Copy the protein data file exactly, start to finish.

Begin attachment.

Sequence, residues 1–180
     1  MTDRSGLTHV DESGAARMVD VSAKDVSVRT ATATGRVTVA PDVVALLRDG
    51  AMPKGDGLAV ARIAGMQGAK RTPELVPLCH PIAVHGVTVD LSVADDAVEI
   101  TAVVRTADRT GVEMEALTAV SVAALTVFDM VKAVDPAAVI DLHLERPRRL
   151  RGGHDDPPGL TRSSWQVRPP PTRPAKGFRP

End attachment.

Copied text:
Sequence, residues 1–180
     1  MTDRSGLTHV DESGAARMVD VSAKDVSVRT ATATGRVTVA PDVVALLRDG
    51  AMPKGDGLAV ARIAGMQGAK RTPELVPLCH PIAVHGVTVD LSVADDAVEI
   101  TAVVRTADRT GVEMEALTAV SVAALTVFDM VKAVDPAAVI DLHLERPRRL
   151  RGGHDDPPGL TRSSWQVRPP PTRPAKGFRP